All Saints Episcopal Church image. Click for full size.
Photographed By Craig Swain, September 9, 2007
8. All Saints Episcopal Church
Confederate General William Pendleton, who served as an artillerist in the Army of Northern Virginia, was the rector here.
Frederick City Hall - Old County Court House image. Click for full size.
Photographed By Craig Swain, September 9, 2007
9. Frederick City Hall - Old County Court House
Flanking the fountain are busts of Chief Justice Roger B. Taney and Thomas Johnson, Maryland's First Governor.
City Hall Marker - 2018 image. Click for full size.
Photographed By Allen C. Browne, June 20, 2018
10. City Hall Marker - 2018
The marker has been re-worded to reflect the removal of the bust of Roger B. Taney from the City Hall lawn. The picture of Chief Justice Taney swearing in Abraham Lincoln has been replaced with Henry Ulke’s portrait of Taney. The drawing of the 1752 courthouse has been changed and its caption re-worded.
Roger B. Taney<br>by Henry Ulke<br>1881 image. Click for full size.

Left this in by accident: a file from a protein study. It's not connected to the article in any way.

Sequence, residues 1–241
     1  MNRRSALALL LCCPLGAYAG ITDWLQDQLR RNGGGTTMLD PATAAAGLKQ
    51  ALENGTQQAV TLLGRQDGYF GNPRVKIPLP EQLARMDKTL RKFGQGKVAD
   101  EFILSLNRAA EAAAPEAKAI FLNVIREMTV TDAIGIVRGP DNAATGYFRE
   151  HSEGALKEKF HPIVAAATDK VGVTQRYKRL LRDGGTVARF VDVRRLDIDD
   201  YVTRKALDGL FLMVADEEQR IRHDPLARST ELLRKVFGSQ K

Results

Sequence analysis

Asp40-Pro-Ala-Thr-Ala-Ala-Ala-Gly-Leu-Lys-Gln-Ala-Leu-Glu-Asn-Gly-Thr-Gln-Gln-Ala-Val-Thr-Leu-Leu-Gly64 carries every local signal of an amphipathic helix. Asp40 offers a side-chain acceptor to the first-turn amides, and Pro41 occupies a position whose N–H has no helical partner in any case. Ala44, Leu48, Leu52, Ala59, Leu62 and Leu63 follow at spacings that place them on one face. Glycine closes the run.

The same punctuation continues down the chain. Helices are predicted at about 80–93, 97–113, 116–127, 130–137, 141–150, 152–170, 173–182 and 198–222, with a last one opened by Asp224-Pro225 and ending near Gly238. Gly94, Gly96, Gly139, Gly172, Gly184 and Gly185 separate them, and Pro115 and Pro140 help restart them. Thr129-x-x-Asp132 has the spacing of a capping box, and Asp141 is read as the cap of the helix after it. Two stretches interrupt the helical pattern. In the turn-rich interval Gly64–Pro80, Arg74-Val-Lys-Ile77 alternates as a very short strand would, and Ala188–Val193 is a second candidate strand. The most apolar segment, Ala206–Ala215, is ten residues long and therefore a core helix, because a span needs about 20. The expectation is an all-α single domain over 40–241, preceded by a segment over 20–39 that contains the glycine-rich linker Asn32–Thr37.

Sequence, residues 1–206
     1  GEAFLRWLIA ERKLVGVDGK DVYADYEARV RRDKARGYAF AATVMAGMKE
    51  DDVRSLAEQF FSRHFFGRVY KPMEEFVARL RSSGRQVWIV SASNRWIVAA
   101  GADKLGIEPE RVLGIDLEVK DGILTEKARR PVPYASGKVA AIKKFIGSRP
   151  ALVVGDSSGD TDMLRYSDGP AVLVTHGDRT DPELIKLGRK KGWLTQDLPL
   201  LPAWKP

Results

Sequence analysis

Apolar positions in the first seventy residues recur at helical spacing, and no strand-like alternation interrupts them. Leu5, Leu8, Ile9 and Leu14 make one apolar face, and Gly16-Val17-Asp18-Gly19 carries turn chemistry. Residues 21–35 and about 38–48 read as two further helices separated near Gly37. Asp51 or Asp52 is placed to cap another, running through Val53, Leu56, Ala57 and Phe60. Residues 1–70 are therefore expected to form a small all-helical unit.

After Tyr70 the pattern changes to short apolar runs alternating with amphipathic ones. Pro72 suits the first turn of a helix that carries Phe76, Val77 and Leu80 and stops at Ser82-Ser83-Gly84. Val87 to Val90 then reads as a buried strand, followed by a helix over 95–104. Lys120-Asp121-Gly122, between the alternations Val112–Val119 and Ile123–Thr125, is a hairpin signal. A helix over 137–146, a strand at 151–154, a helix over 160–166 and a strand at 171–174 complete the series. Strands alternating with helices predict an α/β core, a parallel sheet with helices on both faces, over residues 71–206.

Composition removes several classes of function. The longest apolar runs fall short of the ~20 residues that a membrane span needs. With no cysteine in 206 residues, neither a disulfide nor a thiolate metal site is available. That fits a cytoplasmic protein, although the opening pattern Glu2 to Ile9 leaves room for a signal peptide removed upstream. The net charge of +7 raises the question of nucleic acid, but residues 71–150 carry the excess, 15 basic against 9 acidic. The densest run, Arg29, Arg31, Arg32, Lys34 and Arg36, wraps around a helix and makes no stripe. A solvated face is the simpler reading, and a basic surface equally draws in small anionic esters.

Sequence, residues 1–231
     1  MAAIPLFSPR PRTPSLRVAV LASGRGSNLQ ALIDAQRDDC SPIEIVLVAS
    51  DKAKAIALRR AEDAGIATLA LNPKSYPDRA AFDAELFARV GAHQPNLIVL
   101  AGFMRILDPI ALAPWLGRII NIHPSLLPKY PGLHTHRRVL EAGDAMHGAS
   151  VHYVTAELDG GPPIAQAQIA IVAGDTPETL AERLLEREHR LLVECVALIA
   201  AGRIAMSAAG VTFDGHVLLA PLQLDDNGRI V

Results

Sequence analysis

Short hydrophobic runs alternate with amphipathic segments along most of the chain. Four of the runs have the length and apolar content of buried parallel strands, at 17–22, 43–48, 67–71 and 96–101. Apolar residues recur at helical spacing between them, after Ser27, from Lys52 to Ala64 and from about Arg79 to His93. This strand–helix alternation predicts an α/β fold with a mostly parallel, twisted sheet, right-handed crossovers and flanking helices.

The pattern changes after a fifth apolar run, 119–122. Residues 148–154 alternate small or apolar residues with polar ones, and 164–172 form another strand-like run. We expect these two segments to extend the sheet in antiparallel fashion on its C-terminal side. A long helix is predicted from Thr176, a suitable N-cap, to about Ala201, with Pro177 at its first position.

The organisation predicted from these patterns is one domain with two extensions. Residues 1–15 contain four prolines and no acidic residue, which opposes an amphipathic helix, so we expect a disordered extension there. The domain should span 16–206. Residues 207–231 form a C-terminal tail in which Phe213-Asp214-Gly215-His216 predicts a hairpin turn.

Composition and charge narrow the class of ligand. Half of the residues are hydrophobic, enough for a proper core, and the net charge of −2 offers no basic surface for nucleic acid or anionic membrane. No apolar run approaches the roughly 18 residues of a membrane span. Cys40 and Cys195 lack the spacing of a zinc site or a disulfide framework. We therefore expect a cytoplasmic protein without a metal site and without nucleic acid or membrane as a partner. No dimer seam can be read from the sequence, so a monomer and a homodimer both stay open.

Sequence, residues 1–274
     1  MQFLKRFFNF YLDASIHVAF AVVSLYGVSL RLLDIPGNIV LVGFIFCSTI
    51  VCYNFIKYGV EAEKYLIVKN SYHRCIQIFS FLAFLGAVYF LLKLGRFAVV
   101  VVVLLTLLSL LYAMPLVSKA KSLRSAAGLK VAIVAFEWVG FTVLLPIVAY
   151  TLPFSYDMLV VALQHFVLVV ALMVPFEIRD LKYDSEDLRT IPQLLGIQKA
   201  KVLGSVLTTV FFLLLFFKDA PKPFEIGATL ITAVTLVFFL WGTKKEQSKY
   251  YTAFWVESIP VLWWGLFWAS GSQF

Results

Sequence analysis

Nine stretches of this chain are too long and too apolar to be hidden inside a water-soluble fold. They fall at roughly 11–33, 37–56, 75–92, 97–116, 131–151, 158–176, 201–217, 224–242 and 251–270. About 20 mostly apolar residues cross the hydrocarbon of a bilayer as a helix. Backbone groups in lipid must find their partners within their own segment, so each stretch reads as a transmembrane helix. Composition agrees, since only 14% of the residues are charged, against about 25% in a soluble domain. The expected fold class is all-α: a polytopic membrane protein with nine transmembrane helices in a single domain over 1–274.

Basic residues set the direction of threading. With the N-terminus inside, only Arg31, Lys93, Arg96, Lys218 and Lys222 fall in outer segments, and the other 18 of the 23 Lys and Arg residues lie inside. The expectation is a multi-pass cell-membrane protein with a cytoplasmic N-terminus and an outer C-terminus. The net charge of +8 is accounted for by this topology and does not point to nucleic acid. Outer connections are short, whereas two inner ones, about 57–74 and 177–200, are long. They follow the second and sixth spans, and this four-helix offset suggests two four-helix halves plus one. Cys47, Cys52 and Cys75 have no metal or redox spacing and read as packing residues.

Photographed By Henry Ulke, 1881
11. Roger B. Taney
by Henry Ulke
1881
Close-up of Treasury Department portrait on marker
The 1752 Courthouse<br>by Isaac Bond image. Click for full size.
Photographed By Allen C. Browne, June 20, 2018
12. The 1752 Courthouse
by Isaac Bond
Close-up of image on marker
from Bond's 1858 map of Frederick County
 
 
Credits. This page was last revised on March 17, 2022. It was originally submitted on October 7, 2007, by Craig Swain of Leesburg, Virginia. This page has been viewed 2,402 times since then and 116 times this year. Photos:   1. submitted on March 14, 2022, by Adam Margolis of Mission Viejo, California.   2, 3. submitted on October 7, 2007, by Craig Swain of Leesburg, Virginia.   4. submitted on March 14, 2022, by Adam Margolis of Mission Viejo, California.   5. submitted on October 7, 2007, by Craig Swain of Leesburg, Virginia.   6, 7. submitted on June 22, 2017, by Allen C. Browne of Silver Spring, Maryland.   8, 9. submitted on October 7, 2007, by Craig Swain of Leesburg, Virginia.   10, 11, 12. submitted on June 23, 2018, by Allen C. Browne of Silver Spring, Maryland.

Share this page.  
Share on Tumblr
m=2815

CeraNet Cloud Computing sponsors the Historical Marker Database.
This website earns income from purchases you make after using our links to Amazon.com. We appreciate your support.
Paid Advertisement
May. 21, 2024